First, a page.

Recovering data from a fitness tracking wearable, for example, could be a great tool to fight a workers’ comp claim. But it’s also a privacy law minefield touching everything from the Privacy Act of 1974 to potentially even HIPAA, she said.
Wearables are going to be a headache for employers, she said, calling the emerging technology a “high-risk, high-reward innovation.”
While tech-savvy firms may hand out wearables to employees to increase productivity, she said, more conservative businesses may not and risk missing a competitive edge.
But what happens if the wearable produces adverse health effects? Or if an employee who is driving to work and using work-issued Google Glass gets in a car accident?
Also, how can you protect trade secrets and intellectual property when an employee can record everything they look at through their glasses — with the employer being none the wiser?
“These are the questions lawyers will be asking in the coming years as even bigger tech players like Apple join the wearables industry,” she said.
Speaking of Google Glass as a potential headache-causing wearable, Ram said that product recall is another outcome that may dampen the hype around wearables. Risks arise as wearables become more invasive and closer to the skin.
In fact, in March 2014, the U.S. Consumer Product Safety Commission issued a total recall of the Fitbit Force, one of the most popular fitness tracking wristbands on the market.
Fitbit Inc. had sold more than one million Fitbit Forces, but some users developed allergic contact dermatitis to “the stainless steel casing, materials used in the strap, or adhesives used to assemble the product, resulting in redness, rashes or blistering where the skin has been in contact with the tracker,” according to the official CPSC recall notice.
“When you use a cell phone, you can put it down,” Ram said.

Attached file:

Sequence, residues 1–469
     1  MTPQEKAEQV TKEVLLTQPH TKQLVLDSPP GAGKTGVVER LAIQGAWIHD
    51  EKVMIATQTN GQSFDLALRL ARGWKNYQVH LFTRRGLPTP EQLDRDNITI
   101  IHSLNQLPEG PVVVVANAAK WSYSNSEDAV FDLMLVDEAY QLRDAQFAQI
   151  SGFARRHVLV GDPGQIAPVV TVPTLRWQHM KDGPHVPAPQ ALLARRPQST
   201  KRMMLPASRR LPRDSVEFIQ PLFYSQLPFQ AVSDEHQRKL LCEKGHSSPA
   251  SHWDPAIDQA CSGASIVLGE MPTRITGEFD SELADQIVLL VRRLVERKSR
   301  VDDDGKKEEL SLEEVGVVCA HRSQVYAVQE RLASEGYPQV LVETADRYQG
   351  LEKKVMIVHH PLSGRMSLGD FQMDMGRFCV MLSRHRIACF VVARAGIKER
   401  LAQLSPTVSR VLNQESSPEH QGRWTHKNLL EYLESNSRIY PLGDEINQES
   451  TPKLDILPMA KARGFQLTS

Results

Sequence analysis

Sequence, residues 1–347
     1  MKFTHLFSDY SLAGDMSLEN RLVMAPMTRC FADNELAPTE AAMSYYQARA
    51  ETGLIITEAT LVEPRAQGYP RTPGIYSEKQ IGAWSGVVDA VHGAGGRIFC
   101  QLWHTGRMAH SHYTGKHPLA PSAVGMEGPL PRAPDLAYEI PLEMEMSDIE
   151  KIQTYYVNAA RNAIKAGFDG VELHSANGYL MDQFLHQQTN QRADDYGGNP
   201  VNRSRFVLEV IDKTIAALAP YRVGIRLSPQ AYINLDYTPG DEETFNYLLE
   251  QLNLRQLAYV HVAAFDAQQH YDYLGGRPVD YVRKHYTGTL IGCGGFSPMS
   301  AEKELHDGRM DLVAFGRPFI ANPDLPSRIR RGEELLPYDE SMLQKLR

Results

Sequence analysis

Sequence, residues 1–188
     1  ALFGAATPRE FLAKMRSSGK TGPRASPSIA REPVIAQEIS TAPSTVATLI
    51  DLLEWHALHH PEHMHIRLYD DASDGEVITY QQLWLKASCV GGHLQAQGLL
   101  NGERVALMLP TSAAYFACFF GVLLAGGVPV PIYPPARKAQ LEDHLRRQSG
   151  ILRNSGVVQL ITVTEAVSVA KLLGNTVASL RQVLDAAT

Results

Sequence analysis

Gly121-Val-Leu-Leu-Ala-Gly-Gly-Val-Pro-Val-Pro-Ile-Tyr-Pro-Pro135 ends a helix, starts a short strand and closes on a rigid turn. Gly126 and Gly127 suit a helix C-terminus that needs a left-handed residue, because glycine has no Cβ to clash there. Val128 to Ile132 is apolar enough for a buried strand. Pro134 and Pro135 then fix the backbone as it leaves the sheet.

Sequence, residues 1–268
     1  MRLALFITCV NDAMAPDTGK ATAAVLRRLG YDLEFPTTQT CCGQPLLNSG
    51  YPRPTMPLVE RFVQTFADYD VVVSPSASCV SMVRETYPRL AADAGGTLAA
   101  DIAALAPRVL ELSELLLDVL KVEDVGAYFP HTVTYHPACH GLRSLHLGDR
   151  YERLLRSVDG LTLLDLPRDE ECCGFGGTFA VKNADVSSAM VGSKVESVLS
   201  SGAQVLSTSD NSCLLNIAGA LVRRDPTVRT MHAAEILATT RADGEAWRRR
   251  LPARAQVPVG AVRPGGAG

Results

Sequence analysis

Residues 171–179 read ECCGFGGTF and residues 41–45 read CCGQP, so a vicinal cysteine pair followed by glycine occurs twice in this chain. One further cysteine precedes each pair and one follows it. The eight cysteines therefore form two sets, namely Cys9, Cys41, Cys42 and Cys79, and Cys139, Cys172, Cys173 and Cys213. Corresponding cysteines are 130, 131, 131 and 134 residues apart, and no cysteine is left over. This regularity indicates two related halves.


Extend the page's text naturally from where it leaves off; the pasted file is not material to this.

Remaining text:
“Wearables are always on you, other than when charging. Recall for wearables is something not being adequately addressed by the insurance marketplace right now.
“For insurance carriers, risk managers and employers, the world of wearable devices will evolve very quickly, making it a challenge to keep up from a risk transfer perspective,” Ram said.
Ebola Sends Employers Wake-Up Call
Finally, it happened. The United State is experiencing its first cases of Ebola. A Liberian national living in Dallas died after being diagnosed with the virus, and now two of his treating nurses have now come down with the disease.
While the nation’s Ebola threat remains relatively minor right now, that’s hardly the case, of course, in the West African countries of Liberia, Nigeria, Guinea and Sierra Leone.
With the media reports as a backdrop, experts stress that recent Ebola media coverage on domestic shores is the perfect lynchpin for employers to review their emergency contingency plans already in place and update them, if necessary.
“The Ebola virus in Africa and the chikungunya virus in the Caribbean both demonstrate the need for employers and their employees to think about personal safety while traveling outside the United States,” said Dominick Zenzola, vice president and employee benefits manager for Chubb Accident & Health in Chicago.
“Employers have a duty of care to their employees who travel. Some prudent companies even have relocated business meetings and events to alternative destinations.” — Dominick Zenzola, vice president and employee benefits manager for Chubb Accident & Health
“Employers have a duty of care to their employees who travel. Some prudent companies even have relocated business meetings and events to alternative destinations,” he said.
Chicago-based Ed Hannibal, global leader of Mercer’s Mobility Practice, said that as more and more companies push deeper into global markets, safety and emergency planning for mobile employees has become an even more serious issue — from the executive on a single business trip to someone who locates to a country on a permanent basis.